|The White House
President George W. Bush
|Print this document|
For Immediate Release
Office of the Vice President
August 24, 2006
7:12 P.M. EDT
THE VICE PRESIDENT: Thank you. (Applause.) Thank you. Well, thank you very much, Bill. I'm delighted to be here to help celebrate the 25th anniversary of the Washington Campus, and I am honored, as well, to get to spend some time this evening with Bill Seidman.
I had no idea when I signed on for this gig that Dave Gergen would be here tonight to participate in the festivities. Dave and I go way back. We were actually classmates at Yale and -- starting in 1959. And of course, David graduated. (Laughter.)
MR. GERGEN: And he went to the White House. (Laughter.)
THE VICE PRESIDENT: Well, I was going to explain, the President -- some of you may remember the President went back to Yale not too long ago and spoke at a commencement. They'd invited him back. And he got up and explained to the assembled students there, as they were getting ready to receive their diplomas that if you went through Yale and graduated with a gentleman's C, you could become President of the United States. But if you flunked out, you could be Vice President of the United States. (Laughter.) So it's a pleasure to see David back here. I'm not sure I should be talking like this before an academic group, though. (Laughter.)
But Bill and I have been friends for nearly 30 years. We first met in that summer, August of 1974. And it was a critical moment in the nation's history, as we went through the transition from the Nixon administration to the Ford administration. Bill, of course, had been working for President Ford for some time. And I believe it was on August 9, 1974, when I was asked by Don Rumsfeld to go back and go to the White House and become part of the transition team. And Bill was there as -- been part of the vice presidential staff. Of course, we worked together throughout the time that President Ford was in the White House. And Bill, as the Assistant to the President for Economic Affairs -- in our economic policy.
The President only had six or seven assistants in those days. We were better organized than we are now. (Laughter.) But I remember looking at the schedules of the various assistants to the President. I tried to keep track and make sure they were all working 40 hours a week. (Laughter.) And I remember there was something on Bill's schedule, a very mysterious entry on his schedule that showed up repeatedly, called the Green Conference. And one day I finally asked Bill, I said, what's the Green Conference? And Bill admitted that's when he and Roger Porter went out to play tennis. (Laughter.)
But since Bill worked in the White House, obviously, he's continued to make great contributions to our Nation, serving as the co-chairman of President Reagan's White House Conference on Productivity in the early '80s. Later on, a six-year term as the chairman of the FDIC and the first chairman of the Resolution Trust Corporation.
In addition to his commitments to public service, Bill, of course, has had a very successful business career -- as a CEO of Seidman and Seidman, Certified Public Accountants, and then as chief financial officer and a director at Phelps, Dodge, and currently as the consultant, publisher, and chief commentator on CNBC.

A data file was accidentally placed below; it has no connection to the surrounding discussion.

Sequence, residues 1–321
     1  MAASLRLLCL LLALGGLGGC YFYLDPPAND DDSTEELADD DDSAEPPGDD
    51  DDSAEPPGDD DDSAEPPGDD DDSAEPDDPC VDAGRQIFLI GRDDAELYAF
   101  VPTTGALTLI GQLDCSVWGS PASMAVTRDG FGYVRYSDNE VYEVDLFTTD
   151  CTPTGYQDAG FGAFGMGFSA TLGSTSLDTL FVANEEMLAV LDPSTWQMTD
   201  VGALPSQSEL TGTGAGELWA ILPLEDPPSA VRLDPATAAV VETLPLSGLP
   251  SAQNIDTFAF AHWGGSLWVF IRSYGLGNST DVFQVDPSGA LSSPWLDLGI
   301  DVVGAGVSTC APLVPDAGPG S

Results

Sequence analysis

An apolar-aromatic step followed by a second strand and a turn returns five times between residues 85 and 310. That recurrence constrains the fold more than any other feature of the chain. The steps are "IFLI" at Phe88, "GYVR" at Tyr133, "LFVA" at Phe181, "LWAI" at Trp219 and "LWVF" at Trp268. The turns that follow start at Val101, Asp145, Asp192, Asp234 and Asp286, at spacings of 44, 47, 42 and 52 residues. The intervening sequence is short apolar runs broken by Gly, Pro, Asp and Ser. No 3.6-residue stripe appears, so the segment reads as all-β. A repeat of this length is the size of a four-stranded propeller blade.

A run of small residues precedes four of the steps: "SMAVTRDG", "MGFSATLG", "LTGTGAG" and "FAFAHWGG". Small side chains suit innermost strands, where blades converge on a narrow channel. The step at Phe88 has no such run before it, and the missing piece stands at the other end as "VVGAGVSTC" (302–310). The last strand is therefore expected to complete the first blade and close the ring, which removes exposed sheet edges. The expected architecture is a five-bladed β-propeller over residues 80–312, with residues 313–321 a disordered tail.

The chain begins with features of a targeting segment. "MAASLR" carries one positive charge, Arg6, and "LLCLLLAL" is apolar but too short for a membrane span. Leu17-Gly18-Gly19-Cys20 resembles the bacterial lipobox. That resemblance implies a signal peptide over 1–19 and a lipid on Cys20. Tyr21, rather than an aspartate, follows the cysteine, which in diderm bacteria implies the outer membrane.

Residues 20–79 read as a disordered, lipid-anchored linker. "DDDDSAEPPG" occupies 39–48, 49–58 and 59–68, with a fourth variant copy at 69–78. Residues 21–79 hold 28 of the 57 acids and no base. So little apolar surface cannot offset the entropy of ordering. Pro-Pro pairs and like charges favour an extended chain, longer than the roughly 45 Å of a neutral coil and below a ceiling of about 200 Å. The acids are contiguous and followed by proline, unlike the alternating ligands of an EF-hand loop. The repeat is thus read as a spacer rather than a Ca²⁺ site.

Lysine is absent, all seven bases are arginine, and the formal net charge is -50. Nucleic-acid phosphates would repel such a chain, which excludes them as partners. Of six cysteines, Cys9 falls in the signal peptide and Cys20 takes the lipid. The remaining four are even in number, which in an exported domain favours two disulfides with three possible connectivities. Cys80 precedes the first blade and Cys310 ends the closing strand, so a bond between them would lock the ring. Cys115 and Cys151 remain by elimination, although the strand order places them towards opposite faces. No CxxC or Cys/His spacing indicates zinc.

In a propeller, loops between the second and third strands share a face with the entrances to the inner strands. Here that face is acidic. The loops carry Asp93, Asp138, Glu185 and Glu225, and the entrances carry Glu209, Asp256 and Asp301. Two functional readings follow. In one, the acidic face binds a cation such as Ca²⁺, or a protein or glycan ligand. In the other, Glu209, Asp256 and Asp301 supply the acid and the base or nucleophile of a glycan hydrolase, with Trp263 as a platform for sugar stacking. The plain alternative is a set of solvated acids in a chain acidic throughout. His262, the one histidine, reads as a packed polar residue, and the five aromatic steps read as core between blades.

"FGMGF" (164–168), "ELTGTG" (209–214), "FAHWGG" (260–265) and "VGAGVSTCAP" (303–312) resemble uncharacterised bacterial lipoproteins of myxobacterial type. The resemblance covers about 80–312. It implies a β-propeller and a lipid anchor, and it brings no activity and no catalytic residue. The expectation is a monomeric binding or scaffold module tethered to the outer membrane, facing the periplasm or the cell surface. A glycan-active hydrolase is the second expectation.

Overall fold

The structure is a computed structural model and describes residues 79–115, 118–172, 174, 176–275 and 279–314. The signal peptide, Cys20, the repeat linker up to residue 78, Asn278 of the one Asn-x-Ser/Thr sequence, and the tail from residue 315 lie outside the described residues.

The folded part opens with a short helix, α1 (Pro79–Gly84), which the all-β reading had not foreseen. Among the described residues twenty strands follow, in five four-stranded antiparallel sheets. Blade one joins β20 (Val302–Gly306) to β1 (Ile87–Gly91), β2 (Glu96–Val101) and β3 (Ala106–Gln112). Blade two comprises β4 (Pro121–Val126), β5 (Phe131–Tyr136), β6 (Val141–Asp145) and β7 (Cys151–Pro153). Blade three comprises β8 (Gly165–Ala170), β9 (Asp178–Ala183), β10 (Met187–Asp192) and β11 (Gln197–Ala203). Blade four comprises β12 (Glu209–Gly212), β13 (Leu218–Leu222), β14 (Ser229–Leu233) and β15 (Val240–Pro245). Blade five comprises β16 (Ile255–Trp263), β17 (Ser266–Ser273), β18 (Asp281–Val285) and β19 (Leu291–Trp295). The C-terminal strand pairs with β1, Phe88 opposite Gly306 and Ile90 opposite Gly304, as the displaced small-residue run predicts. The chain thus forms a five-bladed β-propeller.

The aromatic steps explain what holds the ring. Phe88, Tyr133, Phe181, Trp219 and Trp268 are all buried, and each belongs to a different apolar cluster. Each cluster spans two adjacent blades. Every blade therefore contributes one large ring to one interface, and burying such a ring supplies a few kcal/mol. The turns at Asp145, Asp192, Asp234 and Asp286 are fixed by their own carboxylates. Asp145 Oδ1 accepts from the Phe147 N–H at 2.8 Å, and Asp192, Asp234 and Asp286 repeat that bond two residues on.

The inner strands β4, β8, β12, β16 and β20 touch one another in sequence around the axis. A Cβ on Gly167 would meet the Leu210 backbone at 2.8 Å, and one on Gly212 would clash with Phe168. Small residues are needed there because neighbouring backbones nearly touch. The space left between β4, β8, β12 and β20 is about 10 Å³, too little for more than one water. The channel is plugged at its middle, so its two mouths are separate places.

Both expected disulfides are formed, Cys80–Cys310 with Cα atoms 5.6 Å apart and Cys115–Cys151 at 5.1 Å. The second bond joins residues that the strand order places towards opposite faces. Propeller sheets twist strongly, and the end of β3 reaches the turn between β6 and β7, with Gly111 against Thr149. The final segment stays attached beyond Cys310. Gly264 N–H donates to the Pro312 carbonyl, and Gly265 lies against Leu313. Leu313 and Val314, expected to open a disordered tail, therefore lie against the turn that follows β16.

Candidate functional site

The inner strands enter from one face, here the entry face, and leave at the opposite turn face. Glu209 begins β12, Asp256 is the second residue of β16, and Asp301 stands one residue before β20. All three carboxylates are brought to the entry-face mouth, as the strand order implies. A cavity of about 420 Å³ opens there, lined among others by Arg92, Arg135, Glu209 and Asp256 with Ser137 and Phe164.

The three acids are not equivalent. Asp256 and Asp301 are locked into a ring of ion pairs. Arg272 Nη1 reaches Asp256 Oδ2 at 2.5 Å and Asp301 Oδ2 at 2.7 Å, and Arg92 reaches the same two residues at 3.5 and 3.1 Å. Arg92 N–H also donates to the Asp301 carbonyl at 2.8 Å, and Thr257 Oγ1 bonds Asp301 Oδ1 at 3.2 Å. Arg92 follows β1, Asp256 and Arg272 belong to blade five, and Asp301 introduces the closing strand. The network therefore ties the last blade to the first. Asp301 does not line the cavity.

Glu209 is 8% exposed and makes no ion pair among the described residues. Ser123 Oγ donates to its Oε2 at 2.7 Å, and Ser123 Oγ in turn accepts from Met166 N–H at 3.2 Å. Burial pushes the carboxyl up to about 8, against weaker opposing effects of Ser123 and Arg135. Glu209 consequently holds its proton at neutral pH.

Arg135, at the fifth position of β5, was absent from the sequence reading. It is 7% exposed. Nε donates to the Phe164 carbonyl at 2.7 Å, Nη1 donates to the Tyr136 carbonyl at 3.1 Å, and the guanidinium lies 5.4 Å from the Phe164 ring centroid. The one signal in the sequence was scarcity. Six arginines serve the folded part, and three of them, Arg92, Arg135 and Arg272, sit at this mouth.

While pursuing his business interests, Bill has also led a third life as a prominent educator, as dean of the business school at Arizona State, and as one of the founders of the Washington Campus, a nonpartisan, not-for-profit organization committed to educating business leaders about how decisions get made in our federal government.
I'm one of those that Bill persuaded early on to lecture regularly in the Washington Campus program. And it was a tremendous experience, opportunity to pause and reflect every once in a while as the classes came through. And it was important work to do because I was the one who had to clean up after Norm Ornstein explained the political system to the students. (Laughter.)
But most of all it was valuable because it exposed future business leaders to the work of government. And that exposure, we think, is absolutely vital. I think oftentimes when business executives and government officials meet, they often end up talking past each other. Neither understands the other very well, sometimes. Many business executives don't begin to understand the constraints and pressures that policymakers face when they have to make a decision or evaluate a proposal. And for their part, many government officials have never met a payroll, have never run a business, have never had to deal with government regulations on the receiving end. They have no concept of what the world of business is really like, and not all of them understand the importance of free markets, low taxes, and creating an environment in which businesses and entrepreneurs can take risk and invest in new technologies, and hire more people.
That's why the Washington Campus program has been so important. They're helping bridge that gap between the world of business and the world of politics. Business leaders learn to see the world as Washington policymakers see it, and policymakers often gain a better understanding of the realities of business life.
Most importantly, the Washington Campus helps the American people who are deeply affected by the decisions that are made right here in Washington and who need to have those decisions made by government officials based on an accurate and a sophisticated understanding of our economy and of the business world.
So let me conclude again by thanking you tonight for this award. It's been a pleasure coming to the Washington Campus over the years, meeting with its many fine students. And I want to congratulate my friend Bill Seidman and everyone connected with the Washington Campus for the tremendously important work that you've done. Thank you very much. (Applause.)
END 7:19 P.M. EDT